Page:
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The Guzmán el Bueno Castle is located on a high outcrop, next to the sea, overlooking the southernmost Spanish city on the Iberian peninsula and one that provides access to the Strait of Gibraltar, Tarifa, in Cadiz.
The castle is named after the heroic deed of Alonso Pérez de Guzmán, then governor of the fortress. In 1294, the Muslims besieged the castle and, having Alonso's son in their power, urged him to give it up or his son would die. Alonso Pérez de Guzmán preferred to sacrifice his son before handing over the town, and even threw down his own knife from the octagonal tower for them to kill him with.
The Guzmán el Bueno castle was refurbished during the first half of the 17th century, when it was still used defensively as a bastion against the Berber pirates who ravaged these coasts during the 16th and 17th centuries.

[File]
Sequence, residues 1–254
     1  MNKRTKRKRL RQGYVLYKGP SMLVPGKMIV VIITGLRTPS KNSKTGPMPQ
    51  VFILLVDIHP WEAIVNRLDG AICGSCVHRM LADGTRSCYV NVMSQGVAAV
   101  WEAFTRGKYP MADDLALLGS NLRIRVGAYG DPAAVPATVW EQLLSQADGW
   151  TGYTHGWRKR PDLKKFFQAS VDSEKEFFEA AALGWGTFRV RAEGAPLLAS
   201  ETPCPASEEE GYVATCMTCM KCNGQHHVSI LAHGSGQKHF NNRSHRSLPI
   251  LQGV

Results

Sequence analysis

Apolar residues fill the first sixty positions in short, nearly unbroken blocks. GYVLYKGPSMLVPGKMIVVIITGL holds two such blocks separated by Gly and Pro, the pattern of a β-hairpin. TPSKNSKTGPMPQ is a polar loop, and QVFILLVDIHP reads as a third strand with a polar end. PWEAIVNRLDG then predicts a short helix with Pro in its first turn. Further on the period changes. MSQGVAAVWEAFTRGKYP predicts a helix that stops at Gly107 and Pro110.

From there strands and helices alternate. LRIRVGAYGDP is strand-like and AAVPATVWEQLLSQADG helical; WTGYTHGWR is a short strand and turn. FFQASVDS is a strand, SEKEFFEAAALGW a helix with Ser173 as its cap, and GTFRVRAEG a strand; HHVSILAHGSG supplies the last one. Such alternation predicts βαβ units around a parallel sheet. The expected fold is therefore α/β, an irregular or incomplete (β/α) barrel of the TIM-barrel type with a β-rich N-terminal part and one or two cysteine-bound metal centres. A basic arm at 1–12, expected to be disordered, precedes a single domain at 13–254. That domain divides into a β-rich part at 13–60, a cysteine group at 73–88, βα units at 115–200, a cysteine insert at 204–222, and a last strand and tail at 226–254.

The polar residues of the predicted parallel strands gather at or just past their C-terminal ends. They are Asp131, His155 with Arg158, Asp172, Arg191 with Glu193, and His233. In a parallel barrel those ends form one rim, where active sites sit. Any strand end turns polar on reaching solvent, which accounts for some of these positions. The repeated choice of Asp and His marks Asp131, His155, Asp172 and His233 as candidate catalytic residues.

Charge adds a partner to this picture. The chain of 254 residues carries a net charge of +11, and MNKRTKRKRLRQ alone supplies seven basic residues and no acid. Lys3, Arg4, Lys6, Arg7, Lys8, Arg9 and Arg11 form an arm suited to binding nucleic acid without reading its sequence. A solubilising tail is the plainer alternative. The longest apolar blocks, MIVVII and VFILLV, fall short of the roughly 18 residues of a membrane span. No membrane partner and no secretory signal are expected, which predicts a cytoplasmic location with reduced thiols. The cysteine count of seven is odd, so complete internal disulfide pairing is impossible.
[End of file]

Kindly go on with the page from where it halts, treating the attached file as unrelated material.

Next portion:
In the 18th century, part of the walls of the Guzmán el Bueno castle were adapted for the installation of artillery and, during the Peninsular War, it was used as a barracks for the Hispanic-British troops who defended Tarifa from the French army (1811-1812).
In 1989, it was handed over to the civil administration and has been municipal property ever since. At that time, archaeological research work began, which — along with the restoration work that is still going on — affords a better interpretation and greater knowledge of the monument. This will be backed up by the creation of a Castilian-Nasrid visitor centre inside the monument.
Type of visit: Monuments - Castle
Winter (from the 30th of September to approximately Easter):
From 10 am. to 4 pm. (Last visit at 3:15 p.m.)
Guided visit at noon (minimum 10 people)
Summer (approximately from Easter to September):
Monday-Sunday, from 10:00am to 16:00 pm nonstop (last admission 15:15 pm)
Guided visit everyday at noon. (free with €4 adult admission)